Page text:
David Bach was not an ordinary kid. At the age of seven, under the guidance of his grandmother (a self-made millionaire in her own right), David bought his first stock in McDonald's—because what seven-year-old wouldn’t want to own a McNugget?
Today, David is one of the most well-known financial experts of our time. With nine consecutive New York Times best selling books, various seminars and countless media appearances, David has educated tens of millions of people on how to be smarter with their finances and start living the life they want to live.
We’re thrilled to announce that David has joined Clarity Money as an advisor, helping to guide our mission forward and support our users in their journey to take control of their financial lives.
Clarity Money caught up with David to talk all things finance, and to tell us more about his crusade to empower Americans to save more money, invest in their futures, and ultimately make their dreams come true.
This conversation was edited and condensed for clarity.
Clarity Money: You've been at this for a while. Knowing what you know now, what kind of advice would you give your younger self?
David Bach: Well, I’m 50 right now, and I’ve been doing this since my early 20’s. I’ve been teaching the miracle of compound interest for over 30 years. When you’re young, you see the charts and statistics about how if you save $5, $10, $20 a day, that can add up to a million, which is hard to believe. But I’m now 50 and it’s happened.
I always tell people that the most important thing to do is paying yourself first and buying a home because you can’t get rich being a renter!
CM: Biggest money mistake you've made in your life?
DB: The only thing I regret about money are the things I’ve sold. I’ve been in the business for close to three decades, and one particular money mistake I keep with me is not holding onto my Amazon stock. I’ve been a user of Amazon since the beginning, before the dotcom crash. And I always think that if I had just held on and continued to buy Amazon or just held onto my stock, I’d have $10 million by now.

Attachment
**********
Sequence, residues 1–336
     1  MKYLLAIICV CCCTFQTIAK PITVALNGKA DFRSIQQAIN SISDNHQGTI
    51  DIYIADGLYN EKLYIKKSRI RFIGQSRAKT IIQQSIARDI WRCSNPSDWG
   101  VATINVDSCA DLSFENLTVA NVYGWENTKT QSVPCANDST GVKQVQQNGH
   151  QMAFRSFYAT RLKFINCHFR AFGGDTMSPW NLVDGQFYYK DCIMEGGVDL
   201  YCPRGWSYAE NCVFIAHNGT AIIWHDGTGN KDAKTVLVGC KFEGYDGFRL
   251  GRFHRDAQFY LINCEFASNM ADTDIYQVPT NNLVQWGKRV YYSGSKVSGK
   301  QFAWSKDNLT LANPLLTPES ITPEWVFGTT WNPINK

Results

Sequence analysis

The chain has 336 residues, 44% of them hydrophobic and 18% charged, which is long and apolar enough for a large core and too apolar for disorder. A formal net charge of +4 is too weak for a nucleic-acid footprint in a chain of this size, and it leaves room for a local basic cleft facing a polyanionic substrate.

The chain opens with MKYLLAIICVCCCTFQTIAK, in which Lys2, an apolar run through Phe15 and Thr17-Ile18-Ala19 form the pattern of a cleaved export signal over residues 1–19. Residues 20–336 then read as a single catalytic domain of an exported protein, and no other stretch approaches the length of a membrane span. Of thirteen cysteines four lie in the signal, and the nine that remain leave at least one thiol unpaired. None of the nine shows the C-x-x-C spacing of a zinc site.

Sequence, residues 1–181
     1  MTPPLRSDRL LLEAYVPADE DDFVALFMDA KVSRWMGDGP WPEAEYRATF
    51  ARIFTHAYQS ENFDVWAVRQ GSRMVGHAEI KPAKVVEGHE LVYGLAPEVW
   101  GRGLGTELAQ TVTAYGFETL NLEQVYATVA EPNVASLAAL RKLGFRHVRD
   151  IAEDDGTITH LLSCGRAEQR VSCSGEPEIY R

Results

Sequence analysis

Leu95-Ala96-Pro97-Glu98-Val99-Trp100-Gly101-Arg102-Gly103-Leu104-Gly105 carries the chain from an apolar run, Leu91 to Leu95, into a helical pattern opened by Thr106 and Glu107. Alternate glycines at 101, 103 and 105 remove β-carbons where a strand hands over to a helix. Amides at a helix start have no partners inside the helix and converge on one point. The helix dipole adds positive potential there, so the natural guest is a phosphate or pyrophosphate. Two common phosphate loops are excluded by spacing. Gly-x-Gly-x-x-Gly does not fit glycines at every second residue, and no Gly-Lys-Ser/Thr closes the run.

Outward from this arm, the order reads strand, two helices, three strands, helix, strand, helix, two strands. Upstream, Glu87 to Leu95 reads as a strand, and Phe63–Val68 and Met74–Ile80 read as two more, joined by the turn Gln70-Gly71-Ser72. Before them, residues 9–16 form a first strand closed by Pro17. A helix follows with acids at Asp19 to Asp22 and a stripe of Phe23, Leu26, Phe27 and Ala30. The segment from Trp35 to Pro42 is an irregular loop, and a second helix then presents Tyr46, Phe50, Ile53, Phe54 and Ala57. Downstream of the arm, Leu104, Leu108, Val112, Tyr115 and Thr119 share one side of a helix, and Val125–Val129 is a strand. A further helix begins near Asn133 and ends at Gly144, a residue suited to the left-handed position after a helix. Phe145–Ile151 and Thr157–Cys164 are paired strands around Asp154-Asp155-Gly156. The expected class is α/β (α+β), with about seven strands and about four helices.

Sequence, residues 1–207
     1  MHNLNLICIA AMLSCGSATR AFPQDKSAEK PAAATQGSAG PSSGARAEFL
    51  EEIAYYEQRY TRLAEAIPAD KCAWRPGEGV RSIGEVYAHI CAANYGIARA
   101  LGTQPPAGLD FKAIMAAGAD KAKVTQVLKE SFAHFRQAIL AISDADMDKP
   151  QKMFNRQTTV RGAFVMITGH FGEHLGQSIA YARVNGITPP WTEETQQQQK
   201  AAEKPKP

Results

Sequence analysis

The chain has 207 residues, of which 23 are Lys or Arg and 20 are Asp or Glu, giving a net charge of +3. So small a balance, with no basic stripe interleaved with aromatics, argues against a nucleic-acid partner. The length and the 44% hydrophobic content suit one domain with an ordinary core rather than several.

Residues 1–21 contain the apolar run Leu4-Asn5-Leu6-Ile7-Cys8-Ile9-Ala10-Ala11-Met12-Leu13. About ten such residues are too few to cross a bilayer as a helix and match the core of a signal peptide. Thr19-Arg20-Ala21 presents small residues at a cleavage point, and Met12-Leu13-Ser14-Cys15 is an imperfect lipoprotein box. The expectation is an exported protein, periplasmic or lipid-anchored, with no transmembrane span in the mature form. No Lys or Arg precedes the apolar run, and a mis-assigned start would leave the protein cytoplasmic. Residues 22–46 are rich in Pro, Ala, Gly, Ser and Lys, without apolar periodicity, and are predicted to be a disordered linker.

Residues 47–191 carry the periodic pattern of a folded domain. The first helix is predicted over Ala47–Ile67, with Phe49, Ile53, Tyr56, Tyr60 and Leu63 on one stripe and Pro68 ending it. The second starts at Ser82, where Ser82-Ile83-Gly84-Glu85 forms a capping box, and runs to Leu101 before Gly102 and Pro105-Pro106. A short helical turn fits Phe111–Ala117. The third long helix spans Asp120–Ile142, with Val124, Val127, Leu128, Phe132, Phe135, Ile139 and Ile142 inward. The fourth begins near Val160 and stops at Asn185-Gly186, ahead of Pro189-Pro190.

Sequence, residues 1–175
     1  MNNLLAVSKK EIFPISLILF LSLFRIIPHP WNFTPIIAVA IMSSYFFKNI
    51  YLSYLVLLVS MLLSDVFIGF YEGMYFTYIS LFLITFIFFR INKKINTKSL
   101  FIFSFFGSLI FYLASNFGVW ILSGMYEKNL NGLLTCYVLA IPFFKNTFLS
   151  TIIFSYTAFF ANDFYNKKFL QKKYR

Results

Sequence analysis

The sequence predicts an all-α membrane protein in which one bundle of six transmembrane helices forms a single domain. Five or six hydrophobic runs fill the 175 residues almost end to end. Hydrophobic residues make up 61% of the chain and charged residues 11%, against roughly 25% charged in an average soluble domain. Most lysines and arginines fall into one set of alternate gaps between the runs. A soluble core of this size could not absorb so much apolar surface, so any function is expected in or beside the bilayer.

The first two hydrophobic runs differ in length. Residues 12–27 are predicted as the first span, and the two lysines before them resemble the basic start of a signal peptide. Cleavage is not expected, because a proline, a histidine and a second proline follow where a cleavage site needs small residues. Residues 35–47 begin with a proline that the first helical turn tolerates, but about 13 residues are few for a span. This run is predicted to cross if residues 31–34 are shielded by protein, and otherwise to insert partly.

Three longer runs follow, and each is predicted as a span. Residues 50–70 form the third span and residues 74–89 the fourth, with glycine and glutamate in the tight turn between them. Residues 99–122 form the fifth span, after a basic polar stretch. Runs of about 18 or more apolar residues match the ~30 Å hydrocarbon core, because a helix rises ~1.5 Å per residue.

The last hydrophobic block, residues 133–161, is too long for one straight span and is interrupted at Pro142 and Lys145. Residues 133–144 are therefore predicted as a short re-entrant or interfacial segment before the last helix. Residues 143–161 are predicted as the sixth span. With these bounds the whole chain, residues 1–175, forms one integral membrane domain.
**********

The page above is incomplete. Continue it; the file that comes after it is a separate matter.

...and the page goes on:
CM: Arguably, money is that one thing everyone has some level of experience with. If you have a lot or a little, we all deal with the complexity of managing it. Money can incentivize us, in that classical economic sense. But it also holds so much power over our feeling of self-worth and value. What is it about money or ourselves that makes financial planning so difficult? And why is it such a difficult topic for people to open up about to each other?
DB: The reason financial planning is so difficult is because it’s not taught in school. We don’t teach financial literacy in school and if we do, it’s definitely not part of the core curriculum testing. Then, once you turn 17 or 18, you begin to make financial decisions, such as taking out loans for college or for a new car. And you realize that these actions have ramifications that, for the most part, young people aren’t equipped to handle.
The reason people don’t open up about money is that it’s sort-of one of the last taboo topics that’s out there. We’ve been brought up to believe that it’s not polite to talk about money. But what’s happened is that we’ve created a consumer society that revolves around money and how you look. Social media has made this worse in a sense because when people post pictures of their new cars or lavish vacations, it’s easy to feel that you aren’t enough. And a big part of that comes down to money.